Our colleague Emad Mekay has a piece on Egyptian labor in today’s International Herald Tribune, the global edition of the New York Times.
The role of labor was crucial in Egyptians’ popular efforts to oust Hosni Mubarak, perhaps the bale of straw that broke the U.S.-supported dictator’s back. Naturally, organizers and activists are glowing. But will it last?
With continued military rule in Egypt, at least until elections in the fall, the recent kingbreakers find themselves at odds with the newly-elevated junta, who have asked them to calm things down.
Here’s an excerpt of Mekay’s report from Egypt’s textile hub El Mahalla, home to a long-oppressed labor movement:
[Organizer Hamdi] Hussein was all smiles as he announced that he was heading to Cairo to attend a meeting to chart out future labor demands after the stunning success of the Egyptian revolution.
“Yesterday, this meeting would have been secret and I would have been forced to sneak in and out of El Mahalla,” Mr. Hussein said during an interview.
“Now, the labor movement that helped topple Mubarak will take its rightful place in protecting the revolution.”
But will it? This newfound labor empowerment has startled the interim government, which was originally appointed by Mr. Mubarak, and challenges the efforts by the military, which is effectively in charge, to protect Egypt’s existing institutions and return the country to a more normal life.
“All ministers here are displeased with the strikes,” Magdy Radi, the cabinet’s spokesman, said by telephone. “It is hampering our work as a caretaker government. But it is an issue for the supreme council to take care of, not us.”
The military council, despite initial reports that it would move to ban strikes altogether, has so far taken a more measured approach. On Tuesday, it issued a communiqué urging Egyptians to tone down their labor protests, citing the consequences for the economy and the supply of everyday needs.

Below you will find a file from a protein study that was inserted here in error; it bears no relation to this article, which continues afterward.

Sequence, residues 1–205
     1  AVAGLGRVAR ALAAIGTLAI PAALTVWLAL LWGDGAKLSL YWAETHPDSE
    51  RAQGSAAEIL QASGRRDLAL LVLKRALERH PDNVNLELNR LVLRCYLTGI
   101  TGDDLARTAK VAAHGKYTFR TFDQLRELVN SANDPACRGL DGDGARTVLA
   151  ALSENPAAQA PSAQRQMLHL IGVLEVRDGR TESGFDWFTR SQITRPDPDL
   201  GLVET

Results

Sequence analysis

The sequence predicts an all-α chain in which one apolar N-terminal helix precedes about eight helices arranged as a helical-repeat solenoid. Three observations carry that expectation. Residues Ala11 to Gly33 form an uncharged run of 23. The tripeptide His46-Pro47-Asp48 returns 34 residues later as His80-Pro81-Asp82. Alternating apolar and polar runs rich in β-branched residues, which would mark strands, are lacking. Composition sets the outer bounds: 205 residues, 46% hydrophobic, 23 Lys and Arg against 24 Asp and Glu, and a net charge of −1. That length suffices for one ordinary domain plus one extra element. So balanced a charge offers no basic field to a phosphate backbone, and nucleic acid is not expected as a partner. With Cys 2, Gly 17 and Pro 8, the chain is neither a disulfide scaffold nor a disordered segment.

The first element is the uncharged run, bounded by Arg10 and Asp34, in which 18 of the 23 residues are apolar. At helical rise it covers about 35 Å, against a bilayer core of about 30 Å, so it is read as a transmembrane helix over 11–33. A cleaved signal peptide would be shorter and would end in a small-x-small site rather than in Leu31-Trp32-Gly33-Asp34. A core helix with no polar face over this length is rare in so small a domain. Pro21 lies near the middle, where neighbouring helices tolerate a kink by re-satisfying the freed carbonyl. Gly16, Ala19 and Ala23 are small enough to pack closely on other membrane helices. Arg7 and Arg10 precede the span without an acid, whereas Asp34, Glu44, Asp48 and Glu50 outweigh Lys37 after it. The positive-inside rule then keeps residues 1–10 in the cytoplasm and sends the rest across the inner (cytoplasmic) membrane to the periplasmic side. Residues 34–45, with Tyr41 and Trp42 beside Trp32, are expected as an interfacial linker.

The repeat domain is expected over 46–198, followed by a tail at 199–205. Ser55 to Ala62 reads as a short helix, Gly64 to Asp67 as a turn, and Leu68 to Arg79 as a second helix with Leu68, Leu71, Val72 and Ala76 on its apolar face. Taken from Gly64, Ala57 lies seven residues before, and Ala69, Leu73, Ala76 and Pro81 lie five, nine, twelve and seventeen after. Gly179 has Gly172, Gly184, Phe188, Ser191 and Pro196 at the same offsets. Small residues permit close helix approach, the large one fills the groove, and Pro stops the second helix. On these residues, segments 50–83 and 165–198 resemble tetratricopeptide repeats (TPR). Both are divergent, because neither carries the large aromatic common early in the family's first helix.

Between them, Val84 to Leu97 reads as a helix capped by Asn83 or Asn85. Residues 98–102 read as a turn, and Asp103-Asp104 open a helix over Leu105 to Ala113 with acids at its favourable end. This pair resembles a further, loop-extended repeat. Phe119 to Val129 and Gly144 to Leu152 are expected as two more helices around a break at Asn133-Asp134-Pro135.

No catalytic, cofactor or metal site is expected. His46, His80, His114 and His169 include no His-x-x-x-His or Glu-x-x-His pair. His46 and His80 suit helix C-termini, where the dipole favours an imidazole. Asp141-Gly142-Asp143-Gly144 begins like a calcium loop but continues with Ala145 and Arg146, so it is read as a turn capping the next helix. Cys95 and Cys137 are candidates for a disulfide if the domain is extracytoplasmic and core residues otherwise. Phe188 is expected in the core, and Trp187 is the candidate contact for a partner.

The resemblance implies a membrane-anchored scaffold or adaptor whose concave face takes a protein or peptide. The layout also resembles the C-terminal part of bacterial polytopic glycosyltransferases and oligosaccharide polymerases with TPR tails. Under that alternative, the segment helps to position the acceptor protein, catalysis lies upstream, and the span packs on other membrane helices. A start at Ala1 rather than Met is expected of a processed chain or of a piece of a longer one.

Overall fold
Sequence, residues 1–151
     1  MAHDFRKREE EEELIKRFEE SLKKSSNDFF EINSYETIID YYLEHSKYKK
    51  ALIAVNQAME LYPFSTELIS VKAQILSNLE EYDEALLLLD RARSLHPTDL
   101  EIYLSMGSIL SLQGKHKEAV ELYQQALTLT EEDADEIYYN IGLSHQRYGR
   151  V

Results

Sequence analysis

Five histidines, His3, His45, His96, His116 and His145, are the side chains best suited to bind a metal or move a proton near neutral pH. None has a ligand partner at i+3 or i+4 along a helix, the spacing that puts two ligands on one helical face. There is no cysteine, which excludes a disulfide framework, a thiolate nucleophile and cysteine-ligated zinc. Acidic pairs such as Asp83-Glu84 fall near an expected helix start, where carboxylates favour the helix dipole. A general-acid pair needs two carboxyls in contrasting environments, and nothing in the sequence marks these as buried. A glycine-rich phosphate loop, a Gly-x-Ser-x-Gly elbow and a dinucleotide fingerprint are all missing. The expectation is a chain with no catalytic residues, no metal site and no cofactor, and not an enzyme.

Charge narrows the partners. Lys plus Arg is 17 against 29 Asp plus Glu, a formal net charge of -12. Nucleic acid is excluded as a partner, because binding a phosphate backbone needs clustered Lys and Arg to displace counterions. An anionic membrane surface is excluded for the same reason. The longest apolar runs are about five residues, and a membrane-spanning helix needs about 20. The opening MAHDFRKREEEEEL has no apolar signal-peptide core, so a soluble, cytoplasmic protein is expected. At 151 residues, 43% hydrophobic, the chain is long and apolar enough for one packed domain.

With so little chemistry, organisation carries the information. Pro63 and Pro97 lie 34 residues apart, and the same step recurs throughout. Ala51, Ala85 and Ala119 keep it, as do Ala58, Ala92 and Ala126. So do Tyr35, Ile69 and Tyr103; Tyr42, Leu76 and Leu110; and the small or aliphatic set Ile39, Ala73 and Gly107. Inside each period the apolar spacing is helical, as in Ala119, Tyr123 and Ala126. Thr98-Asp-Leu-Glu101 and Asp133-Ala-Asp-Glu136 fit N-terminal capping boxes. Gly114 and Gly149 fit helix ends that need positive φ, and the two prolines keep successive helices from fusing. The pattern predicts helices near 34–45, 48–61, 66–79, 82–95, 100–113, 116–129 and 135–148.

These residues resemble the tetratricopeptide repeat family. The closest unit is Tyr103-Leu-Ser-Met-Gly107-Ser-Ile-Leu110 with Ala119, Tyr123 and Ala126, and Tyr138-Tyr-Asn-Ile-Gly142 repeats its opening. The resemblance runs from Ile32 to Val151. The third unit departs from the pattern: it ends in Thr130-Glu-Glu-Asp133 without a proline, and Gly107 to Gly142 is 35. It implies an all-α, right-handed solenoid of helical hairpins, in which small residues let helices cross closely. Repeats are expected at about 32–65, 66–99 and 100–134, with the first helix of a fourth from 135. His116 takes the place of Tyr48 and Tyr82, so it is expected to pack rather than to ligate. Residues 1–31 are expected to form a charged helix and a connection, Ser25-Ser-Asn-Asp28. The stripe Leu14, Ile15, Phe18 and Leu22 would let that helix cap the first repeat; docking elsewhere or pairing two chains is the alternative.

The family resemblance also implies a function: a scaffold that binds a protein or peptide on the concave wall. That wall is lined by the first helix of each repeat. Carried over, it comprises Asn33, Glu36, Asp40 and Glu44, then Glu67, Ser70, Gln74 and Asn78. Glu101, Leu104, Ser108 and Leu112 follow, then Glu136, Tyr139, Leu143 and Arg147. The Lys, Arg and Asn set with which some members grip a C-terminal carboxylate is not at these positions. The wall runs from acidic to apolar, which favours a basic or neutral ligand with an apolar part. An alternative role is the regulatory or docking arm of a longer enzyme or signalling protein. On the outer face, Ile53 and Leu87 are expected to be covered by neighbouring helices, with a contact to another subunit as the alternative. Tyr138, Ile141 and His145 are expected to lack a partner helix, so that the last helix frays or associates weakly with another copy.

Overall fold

The new government and the military may have a more profound reason to be worried about a new wave of strikes, which played a critical role in bringing down the Mubarak regime.
Earlier this month, as the world was riveted by the young “Internet generation” demonstrating in huge numbers in Tahrir Square, Mr. Hussein and 20 other labor leaders were busy using their mobile phones to plan a nationwide series of strikes and sit-ins.
It will be little short of a miracle if the Egyptians make the transition to democracy in a few short months. Should they succeed, they will then be faced with the enormous social and economic problems which have plagued Egypt and the Arab world as a whole for generations. One cannot but think that in a year or two the people will find themselves butting their heads against a stone wall.
Jon, as you point out this is a decade long malaise in Egypt, I doubt their conditions could be much worse. I imagine this should improve things marginally for Egyptians, far more than they had cause to hope for prior to this month. You will most likely be correct in the short run, but over the longer window, they have more reasons to hope.
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